The U.S penny has been under debate since at least 1990—if not earlier due to the fact that the metals used to make it are worth more than what the penny is worth. While other countries have eliminated coins they feel are no longer worth producing, the United States continues to mint them. Perhaps this is due to the fact that pennies throughout history have been considered to be lucky coins. A fact that’s immortalized by National Lucky Penny Day, a day that’s observed on the 23rd of May every year.
The History Of The Penny
Unable to uncover the history of National Lucky Penny Day, we decided to go on a journey and uncover the history behind the penny. We wanted to find out the origins of penny coins and find out why people are so attached to them despite the inconvenience of their use.
The first English coin to be known as a penny was first introduced in 790 AD by the Anglo-Saxon King Offa. Unlike pennies that would come later, this coin was entirely made out of silver. Eventually, British pennies or pence, would be made in copper-plated steel instead of silver and become worth 1-100th of a pound.
In the U.S., the first one-cent piece was minted in 1793. It was originally minted as a one-cent piece to distinguish it from the British penny, but habits are hard to break and Americans continued to refer to them as pennies. A habit that continues to this day. Oh, by the way, the first American penny was reportedly designed by no other than Benjamin Franklin. This penny was known as a Fugio Cent.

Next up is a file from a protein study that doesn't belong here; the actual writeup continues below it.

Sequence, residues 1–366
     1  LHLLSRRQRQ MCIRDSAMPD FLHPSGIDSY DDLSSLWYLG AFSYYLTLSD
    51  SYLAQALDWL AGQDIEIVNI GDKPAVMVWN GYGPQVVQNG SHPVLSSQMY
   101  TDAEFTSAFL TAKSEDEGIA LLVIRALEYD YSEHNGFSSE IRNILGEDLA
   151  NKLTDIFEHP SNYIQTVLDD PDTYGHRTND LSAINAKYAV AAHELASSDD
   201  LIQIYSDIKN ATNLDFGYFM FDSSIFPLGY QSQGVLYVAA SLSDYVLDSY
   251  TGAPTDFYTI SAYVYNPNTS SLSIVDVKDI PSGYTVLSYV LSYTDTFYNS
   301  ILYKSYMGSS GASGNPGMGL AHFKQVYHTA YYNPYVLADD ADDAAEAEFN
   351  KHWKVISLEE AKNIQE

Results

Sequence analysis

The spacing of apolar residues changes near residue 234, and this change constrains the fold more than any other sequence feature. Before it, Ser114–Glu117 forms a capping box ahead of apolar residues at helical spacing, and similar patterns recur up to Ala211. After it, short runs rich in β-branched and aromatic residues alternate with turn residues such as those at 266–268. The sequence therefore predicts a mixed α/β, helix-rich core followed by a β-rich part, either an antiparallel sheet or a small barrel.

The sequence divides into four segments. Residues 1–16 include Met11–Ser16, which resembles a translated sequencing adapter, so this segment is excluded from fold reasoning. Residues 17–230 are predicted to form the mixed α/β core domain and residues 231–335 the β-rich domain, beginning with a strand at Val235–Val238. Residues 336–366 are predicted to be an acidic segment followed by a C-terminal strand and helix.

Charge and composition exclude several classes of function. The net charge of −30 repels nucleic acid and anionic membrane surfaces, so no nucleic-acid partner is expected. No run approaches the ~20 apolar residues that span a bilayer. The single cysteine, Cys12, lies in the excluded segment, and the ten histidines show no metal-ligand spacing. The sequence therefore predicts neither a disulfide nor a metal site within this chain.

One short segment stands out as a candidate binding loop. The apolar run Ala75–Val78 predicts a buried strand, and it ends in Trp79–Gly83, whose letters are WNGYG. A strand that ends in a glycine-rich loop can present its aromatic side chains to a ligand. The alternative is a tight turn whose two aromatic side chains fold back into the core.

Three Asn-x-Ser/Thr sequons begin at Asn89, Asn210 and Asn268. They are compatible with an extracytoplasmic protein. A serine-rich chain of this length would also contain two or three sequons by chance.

As the value of copper has increased over the years, and the value of the penny decreased due to inflation, the expense of producing them has gone up. Now it’s estimated that it costs almost 1.8-cents to produce each one.
Facts About The U.S Penny
Below are some interesting facts we’ve uncovered about the U.S penny. These facts are great to spring on friends and family on National Lucky Penny Day.
- The image of Abraham Lincoln on pennies was designed by Victor David Brenner.
- The average penny will remain in circulation for over 25-years.
- In March 1793, the first batch of pennies was minted. That’s 11,178 pennies in all.
- The pennies of 1793 were quite large and hard to use, but wouldn’t be resized until 1857.
Observing National Lucky Penny Day
There really is no way to celebrate National Lucky Penny Day, not unless you decide to see how many pennies you collect on this day or add some pennies to your coin collection. You can use the hashtag #NationalLuckyPennyDay on your social media accounts to let everyone know that you’re observing this day, but if you do, be sure to post some pictures of pennies along with it.
When is National Lucky Penny Day?
|This year (2021)||May 23 (Sunday)||Multiple dates - more|
|Next year (2022)||May 23 (Sunday)||Multiple dates - more|
|Last year (2020)||May 23 (Sunday)||Multiple dates - more|